FDA press officer Abby Capobianco pointed Just the News to Marks’ interview with The Washington Post promising not to delay consideration of Moderna’s two-dose vaccine for children under 5, which followed the Politico report, and the VRBPAC meeting schedule.
She also highlighted an April 29 video for the agency’s jazzy “Just a Minute” series, in which Marks emphasized “children are not small adults.”
He said the FDA had to wait until vaccine makers submit “all necessary information” to evaluate whether “the vaccine works and is safe” by reviewing adverse events and replicating “key analyses.” The FDA’s review will be “timely” but not “cut any corners,” he promised.
Marks gave similar caveats in the subcommittee briefing, according to the notes. He said the agency’s review could be faster but cited more “complexity” in vaccines for children, who can experience severe outcomes from common side effects in adults, and “tons of immunogenicity data” to review from new variants.
The official’s reported remarks drew scorn from some medical professionals.
“After Peter Marks throws away the efficacy standard for kids vaccines, and despite 75% of kids already having had COVID, liberal blue preschools will immediately mandate” any approved vaccine for children under 5, University of California San Francisco epidemiologist Vinay Prasad tweeted.
Johns Hopkins medical professor Marty Makary, a National Academy of Medicine member, agreed. “Concerning that FDA is suggesting they may be ok with a largely ineffective child vaccine,” Makary tweeted. “Science, not consumer demand, should drive FDA decisions.”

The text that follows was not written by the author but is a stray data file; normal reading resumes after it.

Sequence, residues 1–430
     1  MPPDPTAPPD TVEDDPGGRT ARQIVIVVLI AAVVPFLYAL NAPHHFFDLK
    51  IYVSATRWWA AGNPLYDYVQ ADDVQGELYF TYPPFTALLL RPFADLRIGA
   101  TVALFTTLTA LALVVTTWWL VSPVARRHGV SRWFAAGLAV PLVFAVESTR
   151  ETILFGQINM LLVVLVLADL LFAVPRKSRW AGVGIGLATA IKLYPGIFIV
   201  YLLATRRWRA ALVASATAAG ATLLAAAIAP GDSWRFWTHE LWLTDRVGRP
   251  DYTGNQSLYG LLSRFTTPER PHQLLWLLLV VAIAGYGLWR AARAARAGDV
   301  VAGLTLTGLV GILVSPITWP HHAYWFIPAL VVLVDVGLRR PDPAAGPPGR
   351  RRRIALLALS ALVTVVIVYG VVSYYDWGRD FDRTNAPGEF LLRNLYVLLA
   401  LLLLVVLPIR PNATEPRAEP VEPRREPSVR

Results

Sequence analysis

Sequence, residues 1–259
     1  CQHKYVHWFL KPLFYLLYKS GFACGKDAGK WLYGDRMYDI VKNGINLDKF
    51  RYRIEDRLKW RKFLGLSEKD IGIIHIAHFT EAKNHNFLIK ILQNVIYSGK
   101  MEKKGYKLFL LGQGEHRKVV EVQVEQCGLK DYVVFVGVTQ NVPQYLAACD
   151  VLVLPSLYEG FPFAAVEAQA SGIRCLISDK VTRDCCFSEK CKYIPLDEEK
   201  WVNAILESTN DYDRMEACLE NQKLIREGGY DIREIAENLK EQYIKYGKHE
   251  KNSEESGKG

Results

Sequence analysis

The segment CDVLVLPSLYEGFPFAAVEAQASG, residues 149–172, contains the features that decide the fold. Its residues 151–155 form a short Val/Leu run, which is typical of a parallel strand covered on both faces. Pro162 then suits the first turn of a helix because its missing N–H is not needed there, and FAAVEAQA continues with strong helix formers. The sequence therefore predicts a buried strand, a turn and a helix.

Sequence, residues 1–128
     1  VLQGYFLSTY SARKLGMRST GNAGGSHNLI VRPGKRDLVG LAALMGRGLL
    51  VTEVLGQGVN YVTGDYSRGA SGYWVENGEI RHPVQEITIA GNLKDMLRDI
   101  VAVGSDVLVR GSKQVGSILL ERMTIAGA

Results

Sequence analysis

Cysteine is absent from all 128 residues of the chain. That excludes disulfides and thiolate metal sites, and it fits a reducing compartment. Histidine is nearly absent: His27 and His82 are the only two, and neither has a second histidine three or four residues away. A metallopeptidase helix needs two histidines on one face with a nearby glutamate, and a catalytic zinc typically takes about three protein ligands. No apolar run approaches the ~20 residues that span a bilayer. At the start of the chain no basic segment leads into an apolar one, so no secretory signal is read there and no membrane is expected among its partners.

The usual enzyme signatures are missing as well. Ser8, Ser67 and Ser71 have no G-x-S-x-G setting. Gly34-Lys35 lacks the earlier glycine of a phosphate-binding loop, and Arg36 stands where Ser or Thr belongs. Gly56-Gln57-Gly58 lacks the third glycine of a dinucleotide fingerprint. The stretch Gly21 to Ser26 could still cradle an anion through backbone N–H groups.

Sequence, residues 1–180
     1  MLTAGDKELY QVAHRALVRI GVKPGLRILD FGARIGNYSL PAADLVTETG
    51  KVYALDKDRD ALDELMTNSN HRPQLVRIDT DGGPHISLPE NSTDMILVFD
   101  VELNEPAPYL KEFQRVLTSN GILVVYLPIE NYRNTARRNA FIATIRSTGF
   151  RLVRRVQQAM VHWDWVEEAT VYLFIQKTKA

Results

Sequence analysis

“The same Peter Marks who loftily claimed he would resign if the Trump administration rubber stamped the original vaccine approvals now breezily says it doesn’t even matter” whether a vaccine meets the agency’s “lenient” 50% efficacy standard, Ra Pharmaceuticals Chief Medical Officer Ramin Farzaneh-far tweeted.
The feds recognize a higher risk of adverse events following COVID vaccination in some demographics, especially young men, but publicly promoting such research can earn social media sanctions.
University of California Davis physician resident Tracy Beth Hoeg said Twitter locked her out of her account for several days for promoting an MIT study that found COVID vaccination was “significantly associated” with a jump in heart problems for 16-39 year-olds in Israel.
Twitter applied its “misleading” label (which prevents replies, likes and shares but not quote-tweets) to a tweet by another account that called attention to the study, published in the Nature journal Scientific Reports.
When Hoeg criticized Twitter for censoring that tweet, it marked her tweet misleading as well. (It also may appear as “stay informed.”) She, Prasad and Makary participated in the inaugural Academy for Science and Freedom conference this year.
Twitter didn’t touch a tweet by Just the News on its coverage of the study, nor by Brown University epidemiologist Andrew Bostom sharing the study’s findings. The company, which recently sanctioned many COVID contrarians’ accounts, didn’t respond to queries for an explanation.